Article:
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World oil production continues to rise; outlook good for next decade or more.

Peak Oil, a theory popular among Chicken Little types, has been much in the news recently.  The idea behind it is that future production levels of any consumable resource can be reliably predicted based off a single factor: the size of the known reserves.  Once half those reserves have been consumed -- so the theory goes -- production will steadily fall, no matter what.

So when world petroleum production dipped slightly in 2006 and again in 2007, this predictably brought the usual Peak-Oil disciples out of the woodwork.  The global oil peak -- first predicted for the mid-1990s, and many times since -- was finally upon us, they said. From this moment on, production would steadily fall, culminating in the end of life as we know it.

But once again, their crystal ball has failed.  Petroleum production for the first quarter of 2008 rose to 74.5M bbl/day -- 1.2M higher than the 2007 average. Those figures don't take into account Saudi Arabia's recent pledge to pump another half-million barrels a day, a promise they've already met by the first 300,000.

Even better, a landmark study of 800 major oilfields recently performed by Cambridge Energy Research Associates (CERA) found that the rate of decline averaged only 4.5% -- about half of what was previously thought. That, coupled with new field development, means the world is on track to be pumping more than 100 million barrels/day by 2017, according to CERA.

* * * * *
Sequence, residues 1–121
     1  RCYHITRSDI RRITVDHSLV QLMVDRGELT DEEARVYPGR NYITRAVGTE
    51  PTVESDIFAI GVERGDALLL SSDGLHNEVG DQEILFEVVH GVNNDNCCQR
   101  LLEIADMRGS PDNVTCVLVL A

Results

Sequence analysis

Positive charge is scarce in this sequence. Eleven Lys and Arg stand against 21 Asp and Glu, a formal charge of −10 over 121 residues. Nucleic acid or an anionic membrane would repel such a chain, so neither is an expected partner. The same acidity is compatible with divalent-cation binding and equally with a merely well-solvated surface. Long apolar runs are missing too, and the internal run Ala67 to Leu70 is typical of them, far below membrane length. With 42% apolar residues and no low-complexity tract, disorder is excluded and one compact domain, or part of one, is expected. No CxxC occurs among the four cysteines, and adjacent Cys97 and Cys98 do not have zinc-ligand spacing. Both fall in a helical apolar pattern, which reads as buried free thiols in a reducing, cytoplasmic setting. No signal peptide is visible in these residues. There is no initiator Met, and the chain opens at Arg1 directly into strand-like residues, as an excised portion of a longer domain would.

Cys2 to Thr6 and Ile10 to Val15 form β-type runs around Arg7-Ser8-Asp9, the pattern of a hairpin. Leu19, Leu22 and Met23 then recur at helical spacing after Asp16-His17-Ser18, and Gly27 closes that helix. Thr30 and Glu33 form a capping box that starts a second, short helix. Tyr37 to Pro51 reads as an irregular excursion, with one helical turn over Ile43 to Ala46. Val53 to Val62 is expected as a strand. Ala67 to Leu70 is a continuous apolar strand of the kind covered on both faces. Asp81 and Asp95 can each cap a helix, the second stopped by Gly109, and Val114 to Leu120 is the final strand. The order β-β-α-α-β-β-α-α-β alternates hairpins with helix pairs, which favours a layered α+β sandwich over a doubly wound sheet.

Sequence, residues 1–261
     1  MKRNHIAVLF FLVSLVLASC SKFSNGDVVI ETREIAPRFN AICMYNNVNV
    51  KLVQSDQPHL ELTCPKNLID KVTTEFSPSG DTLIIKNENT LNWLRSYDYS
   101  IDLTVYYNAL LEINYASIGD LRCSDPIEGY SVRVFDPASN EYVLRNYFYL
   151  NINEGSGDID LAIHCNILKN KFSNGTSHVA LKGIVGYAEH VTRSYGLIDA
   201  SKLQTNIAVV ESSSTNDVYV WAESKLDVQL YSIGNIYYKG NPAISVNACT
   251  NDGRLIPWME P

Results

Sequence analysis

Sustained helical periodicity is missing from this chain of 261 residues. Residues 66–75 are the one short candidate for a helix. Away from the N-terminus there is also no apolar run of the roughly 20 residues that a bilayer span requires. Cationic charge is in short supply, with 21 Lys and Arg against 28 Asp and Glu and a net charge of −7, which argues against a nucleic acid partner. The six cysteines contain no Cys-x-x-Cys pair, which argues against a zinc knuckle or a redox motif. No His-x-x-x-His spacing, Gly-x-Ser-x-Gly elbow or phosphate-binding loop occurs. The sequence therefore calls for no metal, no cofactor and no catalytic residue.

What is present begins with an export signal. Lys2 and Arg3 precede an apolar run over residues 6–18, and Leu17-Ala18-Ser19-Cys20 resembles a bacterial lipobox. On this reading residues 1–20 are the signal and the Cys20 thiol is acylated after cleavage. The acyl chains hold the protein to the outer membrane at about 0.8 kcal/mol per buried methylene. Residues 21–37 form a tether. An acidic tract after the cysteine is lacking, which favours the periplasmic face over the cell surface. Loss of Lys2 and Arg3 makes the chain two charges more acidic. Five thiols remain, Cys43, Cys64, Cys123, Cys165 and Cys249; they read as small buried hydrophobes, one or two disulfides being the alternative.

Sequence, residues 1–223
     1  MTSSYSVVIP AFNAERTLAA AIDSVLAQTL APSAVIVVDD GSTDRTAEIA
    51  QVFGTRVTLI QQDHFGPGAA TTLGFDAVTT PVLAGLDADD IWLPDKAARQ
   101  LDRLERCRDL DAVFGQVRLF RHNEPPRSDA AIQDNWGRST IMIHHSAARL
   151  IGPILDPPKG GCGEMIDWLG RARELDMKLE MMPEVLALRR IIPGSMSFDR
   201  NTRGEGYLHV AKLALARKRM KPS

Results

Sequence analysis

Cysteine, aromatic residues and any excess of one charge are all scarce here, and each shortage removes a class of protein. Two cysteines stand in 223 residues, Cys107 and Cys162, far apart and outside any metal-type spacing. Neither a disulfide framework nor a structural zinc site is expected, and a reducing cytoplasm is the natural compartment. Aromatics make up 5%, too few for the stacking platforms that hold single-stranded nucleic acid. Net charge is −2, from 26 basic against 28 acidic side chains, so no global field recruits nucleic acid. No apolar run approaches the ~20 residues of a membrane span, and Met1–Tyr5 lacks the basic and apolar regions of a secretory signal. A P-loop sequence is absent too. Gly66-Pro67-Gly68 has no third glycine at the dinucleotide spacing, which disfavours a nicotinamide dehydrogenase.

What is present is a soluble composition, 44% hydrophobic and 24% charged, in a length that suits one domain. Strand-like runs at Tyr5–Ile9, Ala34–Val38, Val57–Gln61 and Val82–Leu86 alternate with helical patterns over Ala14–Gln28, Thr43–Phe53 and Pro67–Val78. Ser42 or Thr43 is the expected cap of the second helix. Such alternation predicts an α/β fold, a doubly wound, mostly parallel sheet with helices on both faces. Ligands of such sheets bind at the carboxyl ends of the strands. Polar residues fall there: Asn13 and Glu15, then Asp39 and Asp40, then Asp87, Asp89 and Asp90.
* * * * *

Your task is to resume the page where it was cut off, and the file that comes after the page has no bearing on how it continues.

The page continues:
How does Peak Oil get things so wrong? First, it ignores technological improvements in oil discovery and production. As science advances, the URR (ultimately recoverable reserves) of existing fields rise in pace. Thanks to advances in water and CO2 injection, many oilfields predicted to have been dry a half-century ago are still pumping strong today.

But more importantly, Peak Oil puts the economic cart before the horse, with the notion that supply is independent of both price and demand. So much for Economy 101. Higher demand means higher prices... and higher prices increase supply. There are trillions of barrels in the ground that can't profitably be pumped at $50/bbl. But at $140, the story is different. Existing fields are worked harder, unprofitable fields get opened up, and exploration picks up pace.  

Several large new fields have been discovered in the past decade alone, such as Brazil's Tupi and Kazakhstan's Kashagan -- the latter not much smaller than Saudi Arabia's Gwahar, the largest field in the world.  In fact, since 1965, we've found five new barrels of oil for every three we've burned.  And vast North American deposits of tar sands and oil shale -- too expensive to process even a decade ago -- are now beginning to look like a bargain. 

Most of the world hasn't even been fully explored for oil, including vast stretches of land in Russia, the Arctic and Antarctica, and nearly all the deep sea itself.  Some of these undiscovered fields are in places we can't pump oil -- not with today's technology. By 2050, though, wells atop the thickest Antarctic ice, or through five miles of ocean floor will be trivial to implement.

Higher prices have another effect -- they enable alternatives. At a cost of somewhere around $150/bbl, coal can be directly transformed into oil -- and the US has the largest coal reserves in the world, enough for hundreds of years.. At even higher prices, oil can be synthesized out of nothing but CO2 and water...if one has an abundant supply of electricity.

Throughout history, many other resources have hit production peaks. But the point missed by Peak Oil acolytes is that past declines -- on everything from whale oil to natural rubber -- were the result of falling demand. Prices rose until alternatives became cheaper, which reduced demand...and so production fell.

So yes, oil will one day peak. But it won't be in our lifetimes, or our even our grandchildren’s. And when it happens, it won't be an earth-shattering catastrophe, but rather a smooth and natural progression to better, cheaper alternatives.





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